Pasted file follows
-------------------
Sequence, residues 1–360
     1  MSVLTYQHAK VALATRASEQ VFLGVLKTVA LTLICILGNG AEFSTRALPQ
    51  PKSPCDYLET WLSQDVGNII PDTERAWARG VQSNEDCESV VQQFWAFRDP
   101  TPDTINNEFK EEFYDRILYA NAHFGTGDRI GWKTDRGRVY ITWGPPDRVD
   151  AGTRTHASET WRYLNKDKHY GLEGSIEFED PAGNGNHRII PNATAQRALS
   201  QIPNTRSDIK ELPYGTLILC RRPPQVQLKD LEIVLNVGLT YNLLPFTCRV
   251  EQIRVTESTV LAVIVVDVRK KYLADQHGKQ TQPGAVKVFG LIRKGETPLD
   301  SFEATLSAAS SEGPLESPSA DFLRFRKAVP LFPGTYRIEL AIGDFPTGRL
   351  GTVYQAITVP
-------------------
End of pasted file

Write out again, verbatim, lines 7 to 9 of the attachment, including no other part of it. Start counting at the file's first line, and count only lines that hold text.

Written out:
   251  EQIRVTESTV LAVIVVDVRK KYLADQHGKQ TQPGAVKVFG LIRKGETPLD
   301  SFEATLSAAS SEGPLESPSA DFLRFRKAVP LFPGTYRIEL AIGDFPTGRL
   351  GTVYQAITVP